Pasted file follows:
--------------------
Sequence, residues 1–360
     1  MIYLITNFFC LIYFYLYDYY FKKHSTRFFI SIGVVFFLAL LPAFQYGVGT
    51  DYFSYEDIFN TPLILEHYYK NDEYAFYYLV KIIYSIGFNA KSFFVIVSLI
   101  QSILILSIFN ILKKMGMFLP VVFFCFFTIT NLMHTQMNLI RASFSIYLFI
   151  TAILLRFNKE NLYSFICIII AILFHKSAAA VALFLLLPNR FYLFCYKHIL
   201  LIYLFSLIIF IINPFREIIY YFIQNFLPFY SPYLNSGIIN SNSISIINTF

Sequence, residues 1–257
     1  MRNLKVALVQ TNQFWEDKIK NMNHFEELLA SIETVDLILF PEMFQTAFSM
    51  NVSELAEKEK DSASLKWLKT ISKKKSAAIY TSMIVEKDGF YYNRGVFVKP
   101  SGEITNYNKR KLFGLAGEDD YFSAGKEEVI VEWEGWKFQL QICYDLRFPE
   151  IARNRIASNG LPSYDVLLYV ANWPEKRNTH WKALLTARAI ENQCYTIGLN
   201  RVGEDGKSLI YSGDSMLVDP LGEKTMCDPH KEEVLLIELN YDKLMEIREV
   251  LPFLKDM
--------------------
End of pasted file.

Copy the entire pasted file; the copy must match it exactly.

Sequence, residues 1–360
     1  MIYLITNFFC LIYFYLYDYY FKKHSTRFFI SIGVVFFLAL LPAFQYGVGT
    51  DYFSYEDIFN TPLILEHYYK NDEYAFYYLV KIIYSIGFNA KSFFVIVSLI
   101  QSILILSIFN ILKKMGMFLP VVFFCFFTIT NLMHTQMNLI RASFSIYLFI
   151  TAILLRFNKE NLYSFICIII AILFHKSAAA VALFLLLPNR FYLFCYKHIL
   201  LIYLFSLIIF IINPFREIIY YFIQNFLPFY SPYLNSGIIN SNSISIINTF

Sequence, residues 1–257
     1  MRNLKVALVQ TNQFWEDKIK NMNHFEELLA SIETVDLILF PEMFQTAFSM
    51  NVSELAEKEK DSASLKWLKT ISKKKSAAIY TSMIVEKDGF YYNRGVFVKP
   101  SGEITNYNKR KLFGLAGEDD YFSAGKEEVI VEWEGWKFQL QICYDLRFPE
   151  IARNRIASNG LPSYDVLLYV ANWPEKRNTH WKALLTARAI ENQCYTIGLN
   201  RVGEDGKSLI YSGDSMLVDP LGEKTMCDPH KEEVLLIELN YDKLMEIREV
   251  LPFLKDM